The woman who ran around the world
She's lacing up for her 20th marathon, and for the first time Deborah Bullerjahn is running for her life
Like that first kiss, avid runners clearly remember their first marathon. For Deborah Bullerjahn , it was Boston, April 1989. A novice who began running in her 40s after her three children were born, Bullerjahn was pumped. At mile 15, near her Wellesley home, she beamed and waved to family and friends.
Then she hit the wall. "My mantra is never to walk, no matter how bad your legs are cramping," she says. "Just keep running. Tough it out. It's a real mental game that you play with yourself that pushes you to the finish line."
These are the lessons she took with her as she pursued her goal of finishing among the top five women in her age group in marathons on each continent, from the subfreezing glacial run in Antarctica to the mile-high marathon on Mount Kilimanjaro. She also did London, Chicago, Caracas, Canberra, and Singapore. And as dawn broke on Jan. 1, 2000, Bullerjahn, who was 50, ran the Millennium Marathon in New Zealand.
"I think I've done 19," she says.
She'll be using those same mental exercises that got her through her first marathon on her 20th, when she laces up her size- 8 Asics on Monday in Hopkinton. But this Boston Marathon will be a much more meaningful, personal one for her. Bullerjahn, 57, is running on the Dana-Farber Cancer Institute's team, raising money for research. She is running for her life, and for others who have also been diagnosed with cancer.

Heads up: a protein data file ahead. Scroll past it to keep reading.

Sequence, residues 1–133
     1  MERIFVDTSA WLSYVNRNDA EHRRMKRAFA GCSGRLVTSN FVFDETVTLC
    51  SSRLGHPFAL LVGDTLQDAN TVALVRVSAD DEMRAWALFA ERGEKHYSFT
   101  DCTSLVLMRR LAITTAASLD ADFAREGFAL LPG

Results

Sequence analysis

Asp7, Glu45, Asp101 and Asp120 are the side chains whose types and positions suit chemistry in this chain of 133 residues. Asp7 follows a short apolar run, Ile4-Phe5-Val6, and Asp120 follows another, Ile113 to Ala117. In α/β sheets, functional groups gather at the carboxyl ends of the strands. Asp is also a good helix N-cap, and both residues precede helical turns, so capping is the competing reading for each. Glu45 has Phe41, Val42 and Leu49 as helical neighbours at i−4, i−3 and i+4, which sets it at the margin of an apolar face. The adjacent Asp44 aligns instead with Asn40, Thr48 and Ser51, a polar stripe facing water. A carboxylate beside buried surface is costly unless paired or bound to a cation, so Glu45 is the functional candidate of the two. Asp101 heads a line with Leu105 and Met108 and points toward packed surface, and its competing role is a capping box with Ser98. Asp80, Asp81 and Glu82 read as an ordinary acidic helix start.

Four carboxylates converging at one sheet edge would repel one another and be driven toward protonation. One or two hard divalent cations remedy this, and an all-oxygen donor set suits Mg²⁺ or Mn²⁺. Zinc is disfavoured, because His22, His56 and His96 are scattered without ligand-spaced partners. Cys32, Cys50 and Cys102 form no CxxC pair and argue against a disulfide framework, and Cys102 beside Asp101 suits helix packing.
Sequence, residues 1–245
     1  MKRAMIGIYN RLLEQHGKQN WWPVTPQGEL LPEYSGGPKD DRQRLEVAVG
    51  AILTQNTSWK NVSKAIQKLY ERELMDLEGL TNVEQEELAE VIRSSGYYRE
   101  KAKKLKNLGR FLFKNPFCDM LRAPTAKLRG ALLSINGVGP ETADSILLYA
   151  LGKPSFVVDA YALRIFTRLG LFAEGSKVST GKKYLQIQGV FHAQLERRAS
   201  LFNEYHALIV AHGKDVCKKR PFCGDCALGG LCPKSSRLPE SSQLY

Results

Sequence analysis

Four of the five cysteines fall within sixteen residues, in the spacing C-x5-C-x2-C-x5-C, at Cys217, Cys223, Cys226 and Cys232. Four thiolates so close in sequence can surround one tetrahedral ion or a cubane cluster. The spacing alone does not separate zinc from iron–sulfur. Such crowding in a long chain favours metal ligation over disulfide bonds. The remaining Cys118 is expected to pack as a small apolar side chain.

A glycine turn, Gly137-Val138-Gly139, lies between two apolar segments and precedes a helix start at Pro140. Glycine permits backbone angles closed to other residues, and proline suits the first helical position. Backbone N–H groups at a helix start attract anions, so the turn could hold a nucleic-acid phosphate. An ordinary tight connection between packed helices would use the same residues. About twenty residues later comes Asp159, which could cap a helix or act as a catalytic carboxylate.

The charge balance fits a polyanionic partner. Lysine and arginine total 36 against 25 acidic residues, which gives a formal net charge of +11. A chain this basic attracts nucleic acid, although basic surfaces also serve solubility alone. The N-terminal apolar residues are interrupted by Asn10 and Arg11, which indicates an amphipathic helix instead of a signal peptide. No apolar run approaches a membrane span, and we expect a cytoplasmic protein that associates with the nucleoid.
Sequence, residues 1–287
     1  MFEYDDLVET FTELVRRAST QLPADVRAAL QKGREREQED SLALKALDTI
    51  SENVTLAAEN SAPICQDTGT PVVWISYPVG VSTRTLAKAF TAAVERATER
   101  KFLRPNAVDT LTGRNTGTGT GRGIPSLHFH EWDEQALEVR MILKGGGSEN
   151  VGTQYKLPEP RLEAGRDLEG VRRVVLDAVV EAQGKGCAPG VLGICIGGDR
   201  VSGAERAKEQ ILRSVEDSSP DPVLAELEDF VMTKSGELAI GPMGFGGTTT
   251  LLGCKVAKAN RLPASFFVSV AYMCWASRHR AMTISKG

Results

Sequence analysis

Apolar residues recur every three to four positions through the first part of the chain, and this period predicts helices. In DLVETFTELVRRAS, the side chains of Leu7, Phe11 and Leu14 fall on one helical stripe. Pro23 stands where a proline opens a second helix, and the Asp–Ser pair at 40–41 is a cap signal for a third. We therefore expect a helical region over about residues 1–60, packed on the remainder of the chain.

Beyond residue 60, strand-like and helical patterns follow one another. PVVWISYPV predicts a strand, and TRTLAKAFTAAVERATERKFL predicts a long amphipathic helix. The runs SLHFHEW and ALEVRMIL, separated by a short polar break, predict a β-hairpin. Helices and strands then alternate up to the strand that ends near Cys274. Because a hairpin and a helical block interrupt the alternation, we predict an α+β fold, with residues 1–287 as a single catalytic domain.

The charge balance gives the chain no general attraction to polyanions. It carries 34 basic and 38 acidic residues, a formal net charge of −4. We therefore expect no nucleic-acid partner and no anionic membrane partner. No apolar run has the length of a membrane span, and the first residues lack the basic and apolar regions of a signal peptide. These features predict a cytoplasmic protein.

In 2003, she went in for a routine physical exam and her doctor felt something. It turned out to be a rare cancer that had started in the appendix and spread to her ovaries. She underwent an appendectomy and hysterectomy. Her ovaries were removed. Chemotherapy followed. Her racing days, she thought, were over.
But when her treatments were finished, her thoughts turned again to running. If she could stay healthy, she told herself, she'd run the marathon for the Dana-Farber, which has provided her medical care. In Boston, she won't be the elite athlete she was in all those other marathons, half-marathons, and 10Ks. She'll be No. 20,501, "a back-of-the-packer."
This invitational number comes courtesy of the Dana-Farber Challenge Team , where she will join other patients, doctors, and nurses.
"I've come full circle," she says, recalling her slow, early days of running. "And I'm pleased and happy and thrilled to be there. I'm being very conservative. I just want to finish." She grins. "And you know what? That's OK with me. I'm not hung up on speed at all."
That first marathon, by the way, where she hit that wall? A stellar 3:39 finish.
Bullerjahn, a slight woman with a ready smile, is curled up on her living-room sofa , dressed in black tights and a purple and green jacket, poised for a tapering training run. On a nearby wall are 22 framed photos of her in various races. Antarctica, in 1997, proved a huge challenge. Since there's nothing but research stations on the frozen continent, the 80-person contingent stayed on boats moored offshore. The day of the race -- during the Antarctic summer -- Bullerjahn look ed out the portal and saw a blizzard of horizontal-blowing snow. Huge waves had whipped up, but her group got into a large rubber raft, covered themselves in plastic to keep from getting wet, and got to shore. "On the glacier, the gusts were intense enough to concern a lightweight like me," she says. "I truly felt that I was at risk of being blown off."